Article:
Green initiatives are nothing new in modern supply chains. From attempting to minimise the distance various components travel before they reach the customer, to gradually introducing eco-friendly products and packaging, businesses today are trying hard to reduce their carbon footprint.
Although wanting to make a difference is certainly a large driver for many businesses, implementing positive changes often makes just as much sense from a financial standpoint. More and more customers are looking at businesses’ environmental credentials when making decisions. Plus, often the same actions that reduce a business’s carbon footprint will deliver real cost savings too.
Implementing or upgrading an electronic data interchange (EDI) solution is a perfect example of just such an action.
But let’s first take a step back to explain what electronic data interchange actually is.
What is EDI?
EDI refers to the method via which businesses exchange documents with one another automatically. The messages themselves are typically not readable by humans. Instead they are formatted according to specific computer-readable standards. For this reason, a typical EDI invoice looks very different to a PDF invoice that you might receive via email.
EDI standards were developed so that businesses could interchange documents efficiently between each other without human intervention and without errors, as the standards dictate exactly where each piece of data must go in the document. This in turn allows the recipient’s machine to extract the data automatically.
Importantly, EDI standards and the message protocols used to transmit them also mean that sending and receiving EDI messages requires less energy than via email… but we’ll come to that later…
For a more detailed overview of what EDI is, you may want to check out our video on this subject here.
How popular is EDI?
One estimate puts EDI usage in the supply chain sector somewhere between 59% and 85%. For example, nearly 70% of all sales in the manufacturing industry in the USA in 2021, for example, were carried out through EDI systems.
For more interesting EDI stats, why not check out our infographic on the business benefits of EDI?
How EDI directly reduces your carbon footprint
The most obvious direct effect of EDI is in paper consumption. Using EDI virtually obliterates paper consumption relating to common B2B messages such as orders, invoices, delivery notes, and so on.
If we just look at invoices, for example, a typical mid-sized business produces 18,000 invoices in a year. That equals two tonnes of paper!
But invoices are barely a drop in the ocean. Considering that the average UK employee prints 8,000 A4 pieces of paper a year, we’re looking at 80,000 pieces of paper for a company of 10 people. If one tree can produce 10,000 sheets of paper, we’re looking at eight trees lost in a year for all that paperwork.
Multiply that by all the companies in the UK, and their size, and we’re looking at a truly mind-blowing number.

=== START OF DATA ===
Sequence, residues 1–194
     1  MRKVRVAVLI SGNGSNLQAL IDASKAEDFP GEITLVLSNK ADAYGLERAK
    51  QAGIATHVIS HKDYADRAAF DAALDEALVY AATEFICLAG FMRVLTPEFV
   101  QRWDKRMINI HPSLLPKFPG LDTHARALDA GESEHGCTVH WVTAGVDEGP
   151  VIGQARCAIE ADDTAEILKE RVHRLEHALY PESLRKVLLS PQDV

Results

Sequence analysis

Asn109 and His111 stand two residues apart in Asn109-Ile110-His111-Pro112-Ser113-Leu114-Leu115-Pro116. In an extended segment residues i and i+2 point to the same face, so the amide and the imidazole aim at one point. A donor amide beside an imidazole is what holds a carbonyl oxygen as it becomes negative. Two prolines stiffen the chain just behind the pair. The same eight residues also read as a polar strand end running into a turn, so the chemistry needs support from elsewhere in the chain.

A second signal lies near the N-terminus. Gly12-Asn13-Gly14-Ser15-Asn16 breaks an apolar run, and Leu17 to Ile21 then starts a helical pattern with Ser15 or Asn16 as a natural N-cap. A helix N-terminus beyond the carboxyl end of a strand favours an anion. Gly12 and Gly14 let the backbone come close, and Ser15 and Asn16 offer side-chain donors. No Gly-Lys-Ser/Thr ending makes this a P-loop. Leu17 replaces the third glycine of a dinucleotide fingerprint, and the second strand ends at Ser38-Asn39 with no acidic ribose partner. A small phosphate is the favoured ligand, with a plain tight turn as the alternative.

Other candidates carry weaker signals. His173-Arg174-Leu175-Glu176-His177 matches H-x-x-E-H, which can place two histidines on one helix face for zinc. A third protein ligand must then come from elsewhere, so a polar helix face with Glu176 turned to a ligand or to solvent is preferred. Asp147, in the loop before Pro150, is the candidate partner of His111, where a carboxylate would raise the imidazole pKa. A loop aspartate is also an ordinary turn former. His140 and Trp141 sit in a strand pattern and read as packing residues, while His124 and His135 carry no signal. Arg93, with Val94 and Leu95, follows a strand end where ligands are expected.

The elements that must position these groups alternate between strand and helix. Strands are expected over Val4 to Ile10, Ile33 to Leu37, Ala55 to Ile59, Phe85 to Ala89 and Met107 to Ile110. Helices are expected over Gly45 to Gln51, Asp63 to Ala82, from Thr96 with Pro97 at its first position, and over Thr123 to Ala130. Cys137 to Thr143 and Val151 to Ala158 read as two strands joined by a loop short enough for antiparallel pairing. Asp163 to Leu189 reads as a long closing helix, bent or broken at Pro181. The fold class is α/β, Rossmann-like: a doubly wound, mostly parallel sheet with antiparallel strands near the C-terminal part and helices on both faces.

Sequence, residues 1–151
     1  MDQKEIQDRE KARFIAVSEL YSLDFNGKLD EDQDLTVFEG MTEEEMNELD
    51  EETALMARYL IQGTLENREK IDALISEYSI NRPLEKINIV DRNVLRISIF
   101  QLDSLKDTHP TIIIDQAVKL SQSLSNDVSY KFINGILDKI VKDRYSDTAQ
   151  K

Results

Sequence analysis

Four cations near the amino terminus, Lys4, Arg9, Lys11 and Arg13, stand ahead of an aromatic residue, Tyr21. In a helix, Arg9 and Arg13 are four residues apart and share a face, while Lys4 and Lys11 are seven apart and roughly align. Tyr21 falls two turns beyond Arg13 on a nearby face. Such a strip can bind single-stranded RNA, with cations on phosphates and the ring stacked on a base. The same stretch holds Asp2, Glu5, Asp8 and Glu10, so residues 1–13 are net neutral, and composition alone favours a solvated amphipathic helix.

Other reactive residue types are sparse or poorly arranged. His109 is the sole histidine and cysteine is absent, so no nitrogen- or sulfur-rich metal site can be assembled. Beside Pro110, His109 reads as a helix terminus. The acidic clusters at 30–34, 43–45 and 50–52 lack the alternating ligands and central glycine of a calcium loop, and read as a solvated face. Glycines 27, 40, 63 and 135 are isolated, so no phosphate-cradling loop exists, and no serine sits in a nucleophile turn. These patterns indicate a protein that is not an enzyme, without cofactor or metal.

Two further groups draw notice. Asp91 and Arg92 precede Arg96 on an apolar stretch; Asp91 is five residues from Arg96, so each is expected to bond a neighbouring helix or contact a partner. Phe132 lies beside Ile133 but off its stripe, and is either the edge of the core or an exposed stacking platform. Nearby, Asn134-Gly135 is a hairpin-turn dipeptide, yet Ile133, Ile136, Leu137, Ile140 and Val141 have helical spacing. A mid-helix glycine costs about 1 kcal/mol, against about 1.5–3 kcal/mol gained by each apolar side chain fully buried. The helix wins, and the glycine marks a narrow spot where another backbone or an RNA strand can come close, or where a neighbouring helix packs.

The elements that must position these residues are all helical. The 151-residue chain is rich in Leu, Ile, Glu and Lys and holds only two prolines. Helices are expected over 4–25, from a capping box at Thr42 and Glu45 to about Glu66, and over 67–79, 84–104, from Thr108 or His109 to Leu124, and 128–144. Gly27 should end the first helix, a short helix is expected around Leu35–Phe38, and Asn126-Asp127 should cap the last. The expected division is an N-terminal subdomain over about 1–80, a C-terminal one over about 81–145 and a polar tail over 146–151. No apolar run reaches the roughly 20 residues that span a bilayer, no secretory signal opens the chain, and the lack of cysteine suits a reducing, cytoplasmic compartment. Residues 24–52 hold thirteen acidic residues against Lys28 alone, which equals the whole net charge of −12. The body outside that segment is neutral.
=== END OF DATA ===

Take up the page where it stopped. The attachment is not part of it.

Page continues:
The loss of trees not only means that less CO2 gets removed from the environment. Cutting trees and turning them into paper also adds CO2 due to the high carbon footprint of the papermaking process from beginning to end.
One kilo of paper produces about a kilo of CO2 during its production lifecycle.
How EDI indirectly impacts your carbon footprint
In addition to the direct impact that EDI has on paper consumption, there are significant indirect effects of using EDI as well…
Fewer emails = a smaller carbon footprint
Though it is often overlooked, emails do have a carbon footprint. The size of this footprint depends on several factors:
- How long the email is stored for. Emails stored for longer require more space on a hard drive somewhere, even if that hard drive is on the cloud. The more space is required, the more energy is needed.
- How large the email is. The larger the email, the more energy is used to send it.
- How many people are cc’ed in the email. Sending an email has a carbon footprint and so multiplying the number of people it is sent to multiplies the carbon footprint.
- If the email has attachments, and how many. Email attachments add to the email’s size. Generating the attachment also takes up energy depending on the software used.
This is nothing nebulous. It’s a matter of hard fact. A study conducted in 2019 discovered that Brits send 64 million unnecessary emails a day and that sending one less “Thank you” email a day would save 16,433 tonnes of carbon a year, or as much carbon as is produced by 81,152 flights to Madrid from the UK!
As Mike Berners-Lee, professor at the environment centre in Lancaster University, and brother of the man who invented the internet, said: “Whilst the carbon footprint of an email isn’t huge, it’s a great illustration of the broader principle that cutting the waste out of our lives is good for our wellbeing and good for the environment.“
EDI improves efficiency and reduces errors
Implementing EDI means companies need to send thousands of emails less, which greatly reduces energy use. Instead of email, EDI takes care of most of the communication between business partners.
In addition, EDI also improves efficiency and reduces errors – such as those resulting from manual data entry. Typically such errors result in a lot of runarounds, lost time, additional emails, and unnecessary use of machinery, which in turn increases a company’s carbon footprint.
How to get started with EDI
Want to start experiencing the benefits of EDI or keen to upgrade to a more efficient solution? At ecosio we’re experts when it comes to B2B integration. With our help you’ll not only be able to improve your carbon footprint and boost the sustainability of your business; you’ll also save time, save money and reduce risk.